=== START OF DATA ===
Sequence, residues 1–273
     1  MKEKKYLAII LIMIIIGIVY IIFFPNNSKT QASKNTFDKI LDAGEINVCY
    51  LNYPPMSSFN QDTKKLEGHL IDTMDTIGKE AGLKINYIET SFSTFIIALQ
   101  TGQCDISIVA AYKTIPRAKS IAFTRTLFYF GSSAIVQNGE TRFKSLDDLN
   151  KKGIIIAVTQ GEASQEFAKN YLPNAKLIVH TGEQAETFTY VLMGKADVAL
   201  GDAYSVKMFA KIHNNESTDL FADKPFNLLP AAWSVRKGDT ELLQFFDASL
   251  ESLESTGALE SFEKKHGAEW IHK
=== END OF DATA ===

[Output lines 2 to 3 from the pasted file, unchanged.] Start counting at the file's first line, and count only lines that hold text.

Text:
     1  MKEKKYLAII LIMIIIGIVY IIFFPNNSKT QASKNTFDKI LDAGEINVCY
    51  LNYPPMSSFN QDTKKLEGHL IDTMDTIGKE AGLKINYIET SFSTFIIALQ